Where to Adopt a Dog in Vancouver
Where to Adopt a Dog in Vancouver
Ready for a big step? Adopting a dog is a real and tangible way to completely transform a life – both theirs and yours.
According to local reports, there’s no better time. After a surge of pet adoptions during the height of the pandemic, shelters in Vancouver are now seeing a sharp drop-off in interest. They are scrambling to find homes for thousands of critters in need. Prospective dog parents are urged to evaluate their lives and their compatibility with a new canine friend. As we all know, pet ownership is a ton of responsibility and should not be entered into lightly. But for those of you prepared to welcome a fresh, furry face in your family, here is a breakdown of shelters in the Vancouver area who’d be happy to help you complete your family.
Via the City of Vancouver
Coming as a welcomed surprise, the City of Vancouver actually hosts an ‘Adopt a pet’ page in the Home, Property, and Development section of their website. They partner with pro-adoption shelters and encourage interested parties to peruse their pups on PetFinder before contacting them via email for a visit. Their kennels are not open for drop-ins to avoid distressing the dogs. An appointment must be made ahead of time. Prices are helpfully listed clearly on the page. It’s $316 for ‘Regular’ Dogs (Adult dogs with no major health issues) and $97 for Senior Dogs and Dogs with ongoing medical conditions. They also support the adoption of many other animals, such as budgies, lovebirds, rabbits, gerbils, and ferrets, open for visitation by appointment.
BC SPCA Vancouver Branch
The BC SPCA is a loved and respected pillar of the local adoption community. The SPCA website hosts dozens of dogs in the Vancouver area, ranging from puppies to senior sweeties. Filter by Breed, Weight, Age, Sex, Compatability, and Location to refine your search. If you think you’ve found your perfect pup, you can submit an application for review by the SPCA staff. Note that visitation is only available to successful applicants, so make sure you’ve double and triple-checked before you hit submit.
Loved at Last Dog Rescue
This organization is a local, registered non-profit composed entirely of compassionate and hard-working volunteers. Loved at Last specializes in overseas rescues and collaborates with shelters in the Middle East, China, South Korea, Mexico, Bali, India, and the US. As these are international adoptions, prices are a bit higher and range from $500 – $800, plus minor fees associated with travelling the dogs through customs. However, when looking at the provided list of expenses (flights, crates, vaccines, deworming etc..) that are covered by Loved at Last, their adoption fee seems really quite reasonable. Scroll their roster of adoptable pups. Or, apply under ‘Generic’ to be matched with a soon-to-be rescued pooch. Submit an application and cross your fingers.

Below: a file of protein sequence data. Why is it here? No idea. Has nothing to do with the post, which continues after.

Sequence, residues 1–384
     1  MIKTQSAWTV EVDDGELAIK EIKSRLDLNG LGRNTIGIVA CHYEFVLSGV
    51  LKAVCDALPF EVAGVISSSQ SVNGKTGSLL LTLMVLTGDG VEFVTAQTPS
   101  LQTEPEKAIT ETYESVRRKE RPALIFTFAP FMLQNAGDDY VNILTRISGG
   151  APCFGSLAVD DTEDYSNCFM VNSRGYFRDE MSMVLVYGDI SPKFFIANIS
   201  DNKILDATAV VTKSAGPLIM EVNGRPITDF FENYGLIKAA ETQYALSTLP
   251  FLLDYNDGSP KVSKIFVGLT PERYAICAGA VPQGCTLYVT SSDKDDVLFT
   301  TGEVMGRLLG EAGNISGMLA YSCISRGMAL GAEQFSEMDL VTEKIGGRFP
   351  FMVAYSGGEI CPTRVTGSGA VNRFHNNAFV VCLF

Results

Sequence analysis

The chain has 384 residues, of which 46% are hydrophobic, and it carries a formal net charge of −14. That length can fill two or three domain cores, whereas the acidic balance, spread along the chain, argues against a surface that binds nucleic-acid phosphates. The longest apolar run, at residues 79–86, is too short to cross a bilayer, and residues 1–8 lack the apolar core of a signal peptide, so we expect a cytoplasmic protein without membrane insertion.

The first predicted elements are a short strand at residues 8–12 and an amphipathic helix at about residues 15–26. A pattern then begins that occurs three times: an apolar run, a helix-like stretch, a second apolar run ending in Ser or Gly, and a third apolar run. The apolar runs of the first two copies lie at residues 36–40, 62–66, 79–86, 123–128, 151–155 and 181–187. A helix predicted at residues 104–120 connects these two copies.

This super-stylish, hashtag-happy rescue serves the PNW, namely Vancouver and Vancouver Island, Seattle, and Montreal. FUR BAE’s origins start in Doha, Qatar, where its founder Laura volunteered in shelters. She found hundreds of dogs in need and brought them over to the many prospective pet parents waiting in the Northwest. Their website hosts a beautiful array of pups looking for their permanent spot by your side. Prices trend upwards slightly, with $1000 for international dogs and domestic dogs under 5 years, and $500 for any dogs over 5 years. But considering the inclusion of costs for flights and around-the-clock care, it’s more than understandable.
Home at Last Dog Rescue
Based in the BC Lower Mainland, Home at Last is a fairly new organization run by dog-loving volunteers and generous donations. Unlike some legacy shelters, this organization does not have a physical location. Instead, pups are placed in temporary foster families until their perfect match is found. If you’re a first-time dog owner, fostering could be a great option to assess your compatibility with pet ownership before making the real commitment. Check out their available furry friends, and if adoption feels too big a leap, consider fostering. Whatever your prerogative, Home at Last is open for applications (although they are admittedly rigorous and selective!)
Becoming a forever family to a rescued dog is not feasible for everyone. Long working hours, health, children, other pets, and small living space are all valuable things to consider when deciding on whether adoption is right for you. If you’ve evaluated the long-term reality of dog ownership and have come up uncertain, fostering might be more your speed. Or, consider a much-appreciated donation to one of the above shelters. Remember that dogs are living beings, and many have suffered traumas before rescue, so there will be rainy days among the sunshine and rainbows. Familiarize yourself with the 3-3-3 Rule when it comes to dog adoption, so you can be prepared to weather any storm that may come your way.
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